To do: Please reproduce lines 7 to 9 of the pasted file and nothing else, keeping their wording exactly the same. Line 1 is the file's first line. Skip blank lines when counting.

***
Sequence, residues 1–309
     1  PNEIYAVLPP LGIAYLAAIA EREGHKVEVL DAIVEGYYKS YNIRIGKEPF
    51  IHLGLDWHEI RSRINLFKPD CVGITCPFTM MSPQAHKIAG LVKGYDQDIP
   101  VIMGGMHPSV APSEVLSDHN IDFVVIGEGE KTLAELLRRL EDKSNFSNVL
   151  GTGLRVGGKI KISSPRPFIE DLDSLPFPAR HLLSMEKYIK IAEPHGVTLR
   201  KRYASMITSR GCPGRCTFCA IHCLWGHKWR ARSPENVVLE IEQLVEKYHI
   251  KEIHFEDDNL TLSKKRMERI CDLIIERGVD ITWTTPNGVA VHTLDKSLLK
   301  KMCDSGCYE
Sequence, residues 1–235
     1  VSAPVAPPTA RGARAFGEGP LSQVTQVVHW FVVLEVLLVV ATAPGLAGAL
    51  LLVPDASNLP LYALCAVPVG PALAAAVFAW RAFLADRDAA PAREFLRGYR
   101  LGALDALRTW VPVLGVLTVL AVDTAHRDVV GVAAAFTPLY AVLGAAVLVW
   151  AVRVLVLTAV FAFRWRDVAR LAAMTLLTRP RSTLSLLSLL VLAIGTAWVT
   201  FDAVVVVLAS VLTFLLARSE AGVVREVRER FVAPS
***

   251  KEIHFEDDNL TLSKKRMERI CDLIIERGVD ITWTTPNGVA VHTLDKSLLK
   301  KMCDSGCYE
Sequence, residues 1–235